-Sam Dekker: The Wisconsin forward measured 6'7.75 without shoes, which matches the height he posted last summer when his growth was a point of interest. He's lost 10 pounds since then, which is interesting considering he wasn't carrying much extra weight on his frame. at 219 points with just a 7.5% body fat percentage, he has plenty of room on his frame to continue to add bulk, which he certainly will at the NBA level.
Scouting Report by Jonathan Givony. Video Analysis by Mike Schmitz
A highly regarded prospect prior to college (#13 RSCI), Sam Dekker became only the second Top-25 recruit to commit to Wisconsin since Bo Ryan became head coach in 2001. He likely would have been a first round pick after either his freshman or sophomore year, but elected to return for his junior season, and was rewarded for that with a long run to the NCAA Tournament Championship game, which he played a huge role in.
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Dekker has great physical tools for a NBA small forward, starting with excellent size 6-9, a very good frame (weighed at 229 pounds) and strong athletic ability. He is fluid and mobile with good quickness and the ability to play above the rim with relative ease. The only area where he doesn't stand out in as in terms of his wingspan, which measured only 6-10 at the Nike Skills Academy this past summer.
One of the most versatile and efficient offensive players in the college game, Dekker does a little bit of everything, even if he doesn't truly excel in any one area. He is good in transition, can attack his man off the dribble, moves off the ball intelligently, crashes the offensive glass, and can make an open jumper, giving him many different ways he can contribute to a NBA team early on in his career.
Dekker's size, athleticism and versatility shines through most vividly in the open floor, where he is very effective grabbing a rebound and going coast to coast as the ball-handler. He didn't get as much of a chance to show this part of his game at Wisconsin (one of the slowest paced teams in the NCAA) as he will in the more up-tempo settings of the NBA, but he clearly can.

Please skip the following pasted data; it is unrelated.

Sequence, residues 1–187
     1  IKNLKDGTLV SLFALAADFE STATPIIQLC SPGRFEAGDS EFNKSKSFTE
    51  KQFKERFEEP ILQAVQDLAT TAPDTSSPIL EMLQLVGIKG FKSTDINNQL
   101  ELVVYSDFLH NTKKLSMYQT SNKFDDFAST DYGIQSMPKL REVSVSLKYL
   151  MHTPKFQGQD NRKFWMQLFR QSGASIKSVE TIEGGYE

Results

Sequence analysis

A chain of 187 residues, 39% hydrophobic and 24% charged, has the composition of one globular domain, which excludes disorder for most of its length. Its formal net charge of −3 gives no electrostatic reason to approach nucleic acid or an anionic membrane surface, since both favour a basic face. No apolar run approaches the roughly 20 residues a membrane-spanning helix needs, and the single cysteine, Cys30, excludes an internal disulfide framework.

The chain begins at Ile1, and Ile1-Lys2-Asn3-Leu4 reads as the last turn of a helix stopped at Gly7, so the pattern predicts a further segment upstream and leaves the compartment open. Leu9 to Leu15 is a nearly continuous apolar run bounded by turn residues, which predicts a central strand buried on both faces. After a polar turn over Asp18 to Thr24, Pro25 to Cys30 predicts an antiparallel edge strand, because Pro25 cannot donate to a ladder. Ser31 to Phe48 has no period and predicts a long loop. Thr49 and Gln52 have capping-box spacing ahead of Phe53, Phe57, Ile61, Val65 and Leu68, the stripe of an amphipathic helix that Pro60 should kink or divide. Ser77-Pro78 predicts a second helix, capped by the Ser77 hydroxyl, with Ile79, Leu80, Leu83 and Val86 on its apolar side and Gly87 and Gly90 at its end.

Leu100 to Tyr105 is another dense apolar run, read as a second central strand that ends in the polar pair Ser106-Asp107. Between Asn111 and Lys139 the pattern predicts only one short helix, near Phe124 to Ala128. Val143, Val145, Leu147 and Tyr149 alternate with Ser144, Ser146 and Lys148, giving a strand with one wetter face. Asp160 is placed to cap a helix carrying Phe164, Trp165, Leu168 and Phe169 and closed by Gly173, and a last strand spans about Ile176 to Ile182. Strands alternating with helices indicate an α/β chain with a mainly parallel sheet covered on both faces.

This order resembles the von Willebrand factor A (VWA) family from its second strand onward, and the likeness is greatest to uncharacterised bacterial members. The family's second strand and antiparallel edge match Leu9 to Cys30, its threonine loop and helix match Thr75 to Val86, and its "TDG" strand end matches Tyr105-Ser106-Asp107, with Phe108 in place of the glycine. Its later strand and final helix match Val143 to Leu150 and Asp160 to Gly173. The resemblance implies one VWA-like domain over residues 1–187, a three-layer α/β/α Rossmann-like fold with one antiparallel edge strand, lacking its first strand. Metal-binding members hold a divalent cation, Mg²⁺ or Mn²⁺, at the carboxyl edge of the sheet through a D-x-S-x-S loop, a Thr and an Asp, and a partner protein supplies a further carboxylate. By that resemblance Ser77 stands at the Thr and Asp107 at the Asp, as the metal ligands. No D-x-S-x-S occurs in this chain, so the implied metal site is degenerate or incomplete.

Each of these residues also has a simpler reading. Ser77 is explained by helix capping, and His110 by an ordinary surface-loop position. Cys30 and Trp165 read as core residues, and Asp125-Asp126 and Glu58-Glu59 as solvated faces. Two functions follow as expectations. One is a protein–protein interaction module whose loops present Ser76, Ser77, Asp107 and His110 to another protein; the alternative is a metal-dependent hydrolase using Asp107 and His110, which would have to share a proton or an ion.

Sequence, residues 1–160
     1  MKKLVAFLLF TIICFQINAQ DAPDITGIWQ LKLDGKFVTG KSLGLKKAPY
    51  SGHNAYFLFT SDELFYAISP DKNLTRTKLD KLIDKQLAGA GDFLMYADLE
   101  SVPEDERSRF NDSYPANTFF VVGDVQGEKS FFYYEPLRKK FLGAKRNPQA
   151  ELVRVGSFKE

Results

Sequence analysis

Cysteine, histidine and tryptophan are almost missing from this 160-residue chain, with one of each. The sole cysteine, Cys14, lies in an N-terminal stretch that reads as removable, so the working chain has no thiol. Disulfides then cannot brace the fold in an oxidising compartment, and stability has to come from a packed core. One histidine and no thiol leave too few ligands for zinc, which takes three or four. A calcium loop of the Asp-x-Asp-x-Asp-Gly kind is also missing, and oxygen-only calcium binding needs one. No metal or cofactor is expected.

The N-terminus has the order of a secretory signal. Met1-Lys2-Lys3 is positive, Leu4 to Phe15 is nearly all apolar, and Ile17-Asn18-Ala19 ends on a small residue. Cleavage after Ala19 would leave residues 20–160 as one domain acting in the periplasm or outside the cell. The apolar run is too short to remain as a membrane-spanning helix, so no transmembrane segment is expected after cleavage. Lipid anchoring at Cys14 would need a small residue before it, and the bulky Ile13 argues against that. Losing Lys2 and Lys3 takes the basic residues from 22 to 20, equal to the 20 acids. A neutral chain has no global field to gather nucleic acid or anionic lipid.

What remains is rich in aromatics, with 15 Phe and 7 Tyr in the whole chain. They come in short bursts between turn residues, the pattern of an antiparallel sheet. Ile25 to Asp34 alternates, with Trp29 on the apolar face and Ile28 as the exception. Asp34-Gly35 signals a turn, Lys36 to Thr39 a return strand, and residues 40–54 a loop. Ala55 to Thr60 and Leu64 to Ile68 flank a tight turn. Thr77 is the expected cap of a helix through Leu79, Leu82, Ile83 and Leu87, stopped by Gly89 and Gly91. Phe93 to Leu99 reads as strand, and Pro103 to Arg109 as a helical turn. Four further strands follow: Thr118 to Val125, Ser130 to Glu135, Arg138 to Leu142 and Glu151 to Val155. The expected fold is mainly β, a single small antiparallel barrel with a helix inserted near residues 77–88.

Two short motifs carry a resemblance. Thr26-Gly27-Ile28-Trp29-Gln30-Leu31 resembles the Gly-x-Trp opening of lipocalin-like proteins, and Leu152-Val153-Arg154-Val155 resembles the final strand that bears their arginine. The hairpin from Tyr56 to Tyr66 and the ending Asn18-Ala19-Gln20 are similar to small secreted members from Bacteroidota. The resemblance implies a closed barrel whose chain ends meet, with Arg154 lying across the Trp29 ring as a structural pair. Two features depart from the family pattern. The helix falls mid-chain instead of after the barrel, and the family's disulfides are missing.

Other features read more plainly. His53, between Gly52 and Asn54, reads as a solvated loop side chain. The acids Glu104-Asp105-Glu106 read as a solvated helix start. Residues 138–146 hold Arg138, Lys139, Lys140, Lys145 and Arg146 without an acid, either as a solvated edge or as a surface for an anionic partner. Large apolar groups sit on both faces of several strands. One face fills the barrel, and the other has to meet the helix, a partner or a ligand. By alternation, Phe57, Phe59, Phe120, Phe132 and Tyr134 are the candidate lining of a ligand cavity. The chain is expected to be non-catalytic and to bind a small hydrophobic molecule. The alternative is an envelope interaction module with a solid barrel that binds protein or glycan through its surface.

Dekker's size, quickness and timing as a slasher also benefited him in the half-court, where he was capable of attacking defenders driving in both directions thanks to his strong first step. He's mostly a straight-line driver, which makes him more effective from 17 feet and in than from beyond the 3-point line, but he should be able to find some mismatches to exploit his quickness, particularly when utilized as a face-up power forward, which he can do at his size.
Cognizant of staying in his lane and not trying to do too much (a necessity in Wisconsin's offense), Dekker almost never turned the ball over, coughing it up on just 7.3% of his possessions this season, the lowest rate of anyone in our Top-100 rankings. Only four players in the history of our collegiate stats database (dating back to 2002) have been drafted after posting a lower turnover percentage than Dekker did this seasonRobbie Hummel, Matt Freije, Marcus Denmon and Jon Leuer.
On a similar note, Dekker does a nice job of taking what the defense gives him, as he can punish smaller players in the post with his solid frame, nice footwork and good quickness, and also moves off the ball intelligently, finding open spaces to cut into for easy baskets. He's the type of player who doesn't need plays called for him and won't have much of a transition to make to being a role-player in the NBA, as evidenced by his relatively modest usage rate (23%) and excellent efficiency (61% TS%). He also contributes as an offensive rebounder, grabbing 2.7 per-40 minutes, the fourth best rate among DX Top-100 small forwards.